Online Travel Agency Enters Into $300K Settlement With DOT Over False Advertising Charges – Media, Telecoms, IT, Entertainment

United States: Online Travel Agency Enters Into $300K Settlement With DOT…


United States:

Online Travel Agency Enters Into $300K Settlement With DOT Over False Advertising Charges


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Online travel agency FlightHub Group entered into a
$300,000 settlement with the U.S. Department of
Transportation, resolving allegations that the company misled
consumers when marketing air travel.  

The DOT enforces its own consumer protection laws, which, like
the FTC Act, prohibit  “unfair or deceptive”
practices.  The DOT also enforces specific rules applicable to
the advertising of air travel, such as its full fair advertising rule, which requires
that, when advertising a price, the airline or travel agency must
give the “entire price to be paid by the customer.”
 

Here, the DOT alleged that banner advertising for
FlightHub’s “JustFly” brand promoted airfares that
were not actually available to be booked on the JustFly website at
the advertised price.  The DOT alleged that, when consumers
clicked on the banner ad, “the ‘cheapest fare’
available for the advertised trip could be 30% more expensive than
initially advertised in the banner.”  The DOT charged
that this practice violated DOT’s requirements, since, JustFly
“failed to ensure that a reasonable number of fares were
available at the time banner advertisements were made, advertising
a fare that was no longer available, therefore failing to display
the entire price to be paid for air transportation.”  The
DOT noted that JustFly has since added the language, “fares
found yesterday,” to its banners (which presumably signals
that the DOT is satisfied that this wording addresses its
concerns).  

The DOT also alleged that JustFly falsely advertised
“phone-only fares” as the cheapest fare in a potential
customer’s search results, along with statements such as,
“Only 2 tickets left at this price!”  The DOT said
that when customers called, however, “JustFly.com
representatives sometimes told callers that the fare advertised was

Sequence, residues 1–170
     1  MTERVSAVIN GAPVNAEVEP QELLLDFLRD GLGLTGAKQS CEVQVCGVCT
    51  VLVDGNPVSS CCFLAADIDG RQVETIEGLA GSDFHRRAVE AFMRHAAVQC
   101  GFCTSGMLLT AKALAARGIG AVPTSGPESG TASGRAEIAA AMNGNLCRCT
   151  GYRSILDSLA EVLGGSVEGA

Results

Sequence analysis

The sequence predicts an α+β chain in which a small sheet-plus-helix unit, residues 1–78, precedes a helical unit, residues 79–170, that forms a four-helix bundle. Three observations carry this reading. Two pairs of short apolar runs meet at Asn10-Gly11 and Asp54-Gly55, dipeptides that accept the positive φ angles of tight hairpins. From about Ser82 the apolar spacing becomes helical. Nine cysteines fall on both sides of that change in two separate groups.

limited and offered air transportation at a higher price.”
 

In addition, the DOT alleged that JustFly advertised “free
cancellations” and “free 24 hour cancellation” above
itineraries before purchase.  The DOT charged, however, that
some customers were, in fact, charged for cancellation.  The
DOT indicated that these claims were not modified by a disclaimer
— which popped up when hovering the cursor over the claim — which
disclosed that cancellation fees actually do apply.  

What are some important takeaways here? 

First, for marketers of air travel, this enforcement action is
certainly a good reminder not only of the DOT’s full fare
advertising rule, but of the DOT’s expectation that marketers
should not promote fares unless a “reasonable number” of
them are available.

Second, for all marketers, this case highlights the importance
of ensuring the proper use of disclaimers  Disclaimers are
never going to help you if they directly contradict the claim being
made.  In other words, no regulator is ever going to agree
that you can advertise “free cancellation” and then
include a disclaimer that says it’s not actually free and
cancellation charges apply.  In addition, disclaimers should
be clear and conspicuous.  That means that they’ll be
easily seen, read, and understood by consumers.  When a
disclaimer is something you have to search for, or if it’s
something you only see if you take a specific action (such as by
clicking or scrolling), it’s much less likely that it will be
effective. 

And, finally, it’s interesting to note how the issues the
DOT were concerned about here are so closely aligned with the
concerns that other government agencies have been expressing
recently.  For example, just days ago the FTC highlighted its
concern about bait and switch advertising.  And,
the New York Attorney General’s Office just entered into
a settlement with another online travel
agency over its alleged deceptive sales tactics. While sometimes
regulators will take marketers by surprise, it’s very often the
case that they are pretty clear about their enforcement priorities.
 So, if you follow what they are doing (subscribing to
this blog can help!), it should should help you
address issues before they become the subject of the next big
enforcement action.


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